German Carrier Air Berlin Filing for Bankruptcy

Air Berlin planes on the runway of Dusseldorf airport in Germany. (Roland Weihrauch/dpa via AP)

Germany’s second-largest carrier, Air Berlin, is filing for bankruptcy protection after its main shareholder, Abu Dhabi-based Etihad, said it would make no more financing available.

The loss-making airline said Tuesday that after Etihad pulled funding, it “came to the conclusion that there was no further positive way ahead for Air Berlin.”

To allay travelers’ fears that they could be stranded on summer holiday, the German government immediately said it would provide a loan of €150 million ($177 million) so the airline can continue flights for the time being.

“We’re in a time when many tens of thousands of travelers and vacationers are in multiple international holiday spots,” the Economy and Transport Ministries said in a statement. “The return flights of these travelers back to Germany with Air Berlin would not have been otherwise possible.”

Economy Minister Brigitte Zypries later told reporters the money was expected to last for three months.

Union ver.di called it a “severe blow” for the more than 7,000 employees of Air Berlin.

“Our priority now lies with securing the jobs,” said Christine Behle, a union board director. “Air Berlin must proceed with transparency and provide all important information.”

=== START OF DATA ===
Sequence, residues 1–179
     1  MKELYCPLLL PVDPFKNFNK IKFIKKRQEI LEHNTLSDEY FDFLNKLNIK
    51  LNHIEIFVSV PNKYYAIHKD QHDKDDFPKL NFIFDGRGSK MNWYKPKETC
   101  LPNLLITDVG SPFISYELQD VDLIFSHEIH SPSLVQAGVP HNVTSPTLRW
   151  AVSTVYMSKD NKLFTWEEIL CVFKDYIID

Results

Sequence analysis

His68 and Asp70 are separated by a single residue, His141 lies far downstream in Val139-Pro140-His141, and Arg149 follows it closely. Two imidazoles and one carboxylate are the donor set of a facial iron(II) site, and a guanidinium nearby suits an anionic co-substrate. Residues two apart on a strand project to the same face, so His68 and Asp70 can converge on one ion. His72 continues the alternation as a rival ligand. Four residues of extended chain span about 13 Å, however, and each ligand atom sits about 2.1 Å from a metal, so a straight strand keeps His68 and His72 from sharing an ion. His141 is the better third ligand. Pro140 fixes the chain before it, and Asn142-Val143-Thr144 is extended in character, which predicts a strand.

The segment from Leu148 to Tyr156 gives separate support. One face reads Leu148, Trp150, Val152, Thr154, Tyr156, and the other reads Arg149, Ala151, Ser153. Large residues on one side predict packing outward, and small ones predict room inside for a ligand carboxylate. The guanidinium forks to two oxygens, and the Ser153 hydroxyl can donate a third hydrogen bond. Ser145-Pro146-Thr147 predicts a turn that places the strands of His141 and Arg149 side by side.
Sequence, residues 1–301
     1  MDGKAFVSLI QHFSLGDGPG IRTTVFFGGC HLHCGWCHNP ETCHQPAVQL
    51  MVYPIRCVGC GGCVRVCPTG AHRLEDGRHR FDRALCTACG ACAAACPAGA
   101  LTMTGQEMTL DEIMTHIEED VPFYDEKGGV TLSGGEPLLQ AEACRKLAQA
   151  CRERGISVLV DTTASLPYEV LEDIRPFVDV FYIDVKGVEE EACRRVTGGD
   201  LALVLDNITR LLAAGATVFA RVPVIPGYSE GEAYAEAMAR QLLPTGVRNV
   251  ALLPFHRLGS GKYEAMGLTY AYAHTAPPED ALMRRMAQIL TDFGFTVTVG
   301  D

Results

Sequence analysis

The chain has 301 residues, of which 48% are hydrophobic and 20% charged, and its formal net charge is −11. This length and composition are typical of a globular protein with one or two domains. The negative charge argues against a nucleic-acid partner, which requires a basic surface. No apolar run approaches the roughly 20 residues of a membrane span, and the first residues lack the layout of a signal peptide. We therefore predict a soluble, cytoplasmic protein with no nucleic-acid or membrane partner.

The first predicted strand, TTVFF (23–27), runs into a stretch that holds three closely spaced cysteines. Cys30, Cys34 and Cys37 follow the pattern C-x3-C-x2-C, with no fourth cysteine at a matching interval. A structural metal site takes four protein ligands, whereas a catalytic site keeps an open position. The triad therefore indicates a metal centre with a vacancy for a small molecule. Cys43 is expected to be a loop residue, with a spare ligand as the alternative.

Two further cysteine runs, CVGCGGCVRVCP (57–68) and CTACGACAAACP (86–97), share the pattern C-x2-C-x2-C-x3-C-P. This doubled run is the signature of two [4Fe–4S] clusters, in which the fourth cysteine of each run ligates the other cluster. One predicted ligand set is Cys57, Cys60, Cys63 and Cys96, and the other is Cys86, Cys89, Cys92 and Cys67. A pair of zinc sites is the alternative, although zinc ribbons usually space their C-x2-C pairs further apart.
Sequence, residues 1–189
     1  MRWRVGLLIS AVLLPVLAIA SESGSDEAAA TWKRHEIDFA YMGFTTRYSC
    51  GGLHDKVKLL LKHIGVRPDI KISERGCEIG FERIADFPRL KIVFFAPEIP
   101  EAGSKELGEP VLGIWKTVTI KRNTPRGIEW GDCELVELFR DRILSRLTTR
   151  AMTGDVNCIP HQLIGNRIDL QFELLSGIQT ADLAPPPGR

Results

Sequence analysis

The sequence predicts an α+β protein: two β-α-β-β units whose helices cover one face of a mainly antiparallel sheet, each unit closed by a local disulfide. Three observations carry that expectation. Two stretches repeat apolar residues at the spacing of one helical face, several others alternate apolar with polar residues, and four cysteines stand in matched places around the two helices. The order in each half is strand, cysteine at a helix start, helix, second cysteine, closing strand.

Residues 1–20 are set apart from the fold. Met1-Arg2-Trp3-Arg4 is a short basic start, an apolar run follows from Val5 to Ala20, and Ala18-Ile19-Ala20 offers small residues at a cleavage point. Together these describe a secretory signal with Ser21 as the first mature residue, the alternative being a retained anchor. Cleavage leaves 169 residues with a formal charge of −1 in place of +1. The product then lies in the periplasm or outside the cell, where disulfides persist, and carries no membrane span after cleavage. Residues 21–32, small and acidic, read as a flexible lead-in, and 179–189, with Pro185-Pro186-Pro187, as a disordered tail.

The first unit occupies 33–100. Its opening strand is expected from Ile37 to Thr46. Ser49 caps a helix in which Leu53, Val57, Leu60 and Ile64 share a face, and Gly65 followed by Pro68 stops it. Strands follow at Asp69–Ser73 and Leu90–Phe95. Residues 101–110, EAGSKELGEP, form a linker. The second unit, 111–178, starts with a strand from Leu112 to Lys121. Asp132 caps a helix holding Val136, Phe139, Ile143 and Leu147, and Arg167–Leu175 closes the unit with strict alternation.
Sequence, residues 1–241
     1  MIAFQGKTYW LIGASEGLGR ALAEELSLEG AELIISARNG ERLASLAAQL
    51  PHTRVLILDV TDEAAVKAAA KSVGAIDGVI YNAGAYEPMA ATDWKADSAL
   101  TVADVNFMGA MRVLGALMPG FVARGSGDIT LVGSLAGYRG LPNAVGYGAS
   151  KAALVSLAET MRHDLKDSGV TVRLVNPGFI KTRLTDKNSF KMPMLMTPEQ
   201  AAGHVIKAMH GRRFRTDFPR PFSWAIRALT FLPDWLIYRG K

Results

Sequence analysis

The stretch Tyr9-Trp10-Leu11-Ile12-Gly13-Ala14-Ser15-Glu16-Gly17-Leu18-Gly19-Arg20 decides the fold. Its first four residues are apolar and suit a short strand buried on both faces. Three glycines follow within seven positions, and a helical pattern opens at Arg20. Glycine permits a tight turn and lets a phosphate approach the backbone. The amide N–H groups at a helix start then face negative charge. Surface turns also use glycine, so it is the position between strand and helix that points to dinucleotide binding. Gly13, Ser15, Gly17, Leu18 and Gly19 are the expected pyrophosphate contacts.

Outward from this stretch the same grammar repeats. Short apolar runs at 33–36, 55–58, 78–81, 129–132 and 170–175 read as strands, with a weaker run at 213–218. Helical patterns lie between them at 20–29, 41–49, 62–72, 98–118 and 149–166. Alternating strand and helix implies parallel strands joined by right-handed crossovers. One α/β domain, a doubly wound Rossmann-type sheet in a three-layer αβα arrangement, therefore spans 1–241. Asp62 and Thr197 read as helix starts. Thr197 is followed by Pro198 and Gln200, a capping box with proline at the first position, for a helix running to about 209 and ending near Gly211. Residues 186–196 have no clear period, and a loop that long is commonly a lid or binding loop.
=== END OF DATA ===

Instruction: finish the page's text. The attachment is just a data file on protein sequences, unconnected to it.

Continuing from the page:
Air Berlin has been posting losses for years. It has been restructuring its operations and has been kept aloft in recent years by Etihad, which holds a 29.2-percent stake.

In December German rival Lufthansa’s Eurowings and Austrian Airlines units reached a deal to lease 38 planes from Air Berlin.

Following the bankruptcy announcement, Lufthansa said it was “supporting the restructuring efforts of the airline jointly with the German government” and that its leased aircraft would continue operating as before.

Lufthansa, Germany’s largest airline, said it was “already in negotiations with Air Berlin to take over parts of the Air Berlin group and is exploring the possibility of hiring additional staff.”

Zypries said that the bridge loan “should give enough time for the negotiations to be brought to a conclusion.”

The German Transport and Economy Ministries said Air Berlin had been in negotiations with Lufthansa “and another airline” for a long time.

Etihad Airways said the bankruptcy filing was “extremely disappointing for all parties,” especially as it had supported the airline for over six years, but that it could not continue pumping money into a loss-making business.

“As a minority shareholder, Etihad cannot offer funding that would further increase our financial exposure. We remain open to helping find a commercially viable solution for all parties,” it said.

It said it had pumped 250 million euros of additional funding into Air Berlin as recently as in April and helped it “explore strategic options” for its business. It said the German carrier’s business has “deteriorated at an unprecedented pace, preventing it from overcoming its significant challenges and from implementing alternative strategic solutions.”

The Emirati national airline said it continues to have codeshares and other business relationships with Air Berlin and will support its management.

Air Berlin’s decision comes three and a half months after another Etihad-backed European carrier, Alitalia, entered its second round of bankruptcy protection in a decade.

Etihad said at the time that Alitalia needed a “fundamental and far-reaching restructuring” and it was not prepared to keep pumping money into the struggling Italian airline.

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